Data showed that 23 percent of male and 25 percent of female officers reported more suicidal thoughts than the general population (13.5 percent). In a previous study, suicide rates were three times higher in police than in other municipal workers, Violanti found.

The findings, that in women officers working day shifts were more likely to be related to depression and suicide ideation, while in men working the afternoon or night shift was related to PTSD and depression, were surprising, said Violanti. "We thought both men and women officers would be negatively affected by midnight shifts."

"It's possible women may feel more uneasy and stressed in a daytime shift, where there can be more opportunity for conflict and a negative environment," he said. "On the other hand, higher suicide ideation reported by males on the midnight shift may be accounted for in part by a stronger need to be part of the social cohesiveness associated with peers in the police organization. Working alone at night without the support of immediate backup can be stressful," he said.

"There also is the problem of physiological disruption of circadian rhythms. Being awake all night while one should be sleeping can affect judgment and decision making. The combination of these two has a double-barreled stress effect."

Violanti is planning to conduct a longitudinal study of the effects of shift work on officers, and has received additional funds from NIOSH to study the effects of shift work on cancer risk.

The stress and blood vessel reactivity research found that females had higher cortisol levels upon awakening, and that levels remained high throughout the day. Normally, cortisol is highest in the morning and decreases to a low point in the evening. These constantly high cortisol levels were associated with less arterial elasticity, a risk factor for cardiovascular disease. This study is in press in Psychiatry Research.

Violanti said these findings, once again, reflect the impact of police work on women officers. "Women police officers are probably under more stress than male officers. It's still basically a male occupation, and women can feel socially isolated on the job. Also, most women have more home responsibilities to worry about – family, child care."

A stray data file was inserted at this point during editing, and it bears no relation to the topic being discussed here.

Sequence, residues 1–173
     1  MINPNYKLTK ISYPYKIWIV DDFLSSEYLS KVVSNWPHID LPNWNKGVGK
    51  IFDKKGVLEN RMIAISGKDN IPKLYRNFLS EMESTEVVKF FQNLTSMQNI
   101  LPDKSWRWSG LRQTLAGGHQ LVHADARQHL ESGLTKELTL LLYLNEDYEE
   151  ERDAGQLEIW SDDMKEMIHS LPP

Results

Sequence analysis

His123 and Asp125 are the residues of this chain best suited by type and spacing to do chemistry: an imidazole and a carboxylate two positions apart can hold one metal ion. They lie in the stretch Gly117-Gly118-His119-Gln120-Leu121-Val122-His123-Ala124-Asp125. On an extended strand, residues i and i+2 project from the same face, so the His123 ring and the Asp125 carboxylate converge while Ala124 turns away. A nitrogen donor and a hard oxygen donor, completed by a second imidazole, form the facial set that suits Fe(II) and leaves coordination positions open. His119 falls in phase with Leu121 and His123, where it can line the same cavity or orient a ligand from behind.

Publishing papers and conducting studies about stress may not change police departments overnight, Violanti admits, but it is one way of getting the message out that the negative effects of stress must be acknowledged, de-stigmatized and treated.

"Intervention is necessary to help officers deal with this difficult and stressful occupation," he said. "We want to educate them on how to survive 25 years of police work. They need to learn how to relax, how to think differently about things they experience as a cop. There is such a thing as post-traumatic growth. People can grow in a positive way and be better cops and persons after they survive the trauma of police work. That is an important message."


Story Source:

The above story is based on materials provided by University at Buffalo. Note: Materials may be edited for content and length.


Cite This Page:

University at Buffalo. "Impact Of Stress On Police Officers' Physical And Mental Health." ScienceDaily. ScienceDaily, 29 September 2008. <www.sciencedaily.com/releases/2008/09/080926105029.htm>.
University at Buffalo. (2008, September 29). Impact Of Stress On Police Officers' Physical And Mental Health. ScienceDaily. Retrieved April 25, 2014 from www.sciencedaily.com/releases/2008/09/080926105029.htm
University at Buffalo. "Impact Of Stress On Police Officers' Physical And Mental Health." ScienceDaily. www.sciencedaily.com/releases/2008/09/080926105029.htm (accessed April 25, 2014).